European Commissioner Joaquin Almunia has reportedly sent a letter to other EU commissioners in efforts to convince his colleagues that the controversial settlement planned with Google should be approved because further competition scrutiny awaits for the company.
The letter, revealed by an unnamed source, suggests that Google’s antitrust troubles across the pond won’t let up anytime soon, even as it is expected to wrap up a years-long competition probe with the EU regarding a dispute over how Google displays rival search results. Almunia first announced last February that a preliminary settlement had been reached.
The commissioner revealed in the letter, dated June 11, that the proposed settlement with Google would not mean the company will be let off easy in the EU. “It can be safely predicted that Google’s compliance with EU competition law will be closely monitored for a long while,” the letter reads.
While the settlement proposal can still be modified, Almunia has been steadfast on getting the agreement cleared by the Commission, a settlement that would end a case that has dragged on since 2009. But consumer advocates, Google rivals and even some Commissioners expressed skepticism against the settlement, claiming it insufficiently addresses Google’s market dominance across the EU.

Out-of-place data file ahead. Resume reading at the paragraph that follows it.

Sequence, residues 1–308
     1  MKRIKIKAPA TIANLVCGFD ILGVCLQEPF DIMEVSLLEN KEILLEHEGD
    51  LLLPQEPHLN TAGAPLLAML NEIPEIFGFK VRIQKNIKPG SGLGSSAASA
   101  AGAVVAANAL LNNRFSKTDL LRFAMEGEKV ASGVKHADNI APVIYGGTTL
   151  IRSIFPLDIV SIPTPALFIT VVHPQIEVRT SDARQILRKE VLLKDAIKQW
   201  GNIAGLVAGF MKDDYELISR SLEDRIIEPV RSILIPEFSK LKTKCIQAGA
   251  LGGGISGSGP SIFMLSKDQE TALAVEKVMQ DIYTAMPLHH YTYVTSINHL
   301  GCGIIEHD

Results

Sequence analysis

But Almunia had begun the process of dismissing complaints against the settlement proposal last week, a standard process. Now, he appears to be promoting the settlement based on the fact that further competition probes await the technology firm.
More Investigations to Come?
Germany Chancellor Angela Merkel spoke out last month to call for a more aggressive competition crackdown on Google, while some have called for the company to be broken up. Just last week a Portuguese startup filed an antitrust complaint against Google regarding its Android smartphone apps.
In the letter, Almunia reportedly pointed to the “most advanced investigation” that is ongoing against Google, besides the current matter, as the case opened following complaints surrounding the Android operating system and its promotion. Google holds up to 80 percent of the EU smartphone market, report say.
Almunia also reportedly confirmed complaints regarding Google’s YouTube dominance, and advertising operations regarding Google operations known as AdWords and AdSense.
Full content: Economic Times of India
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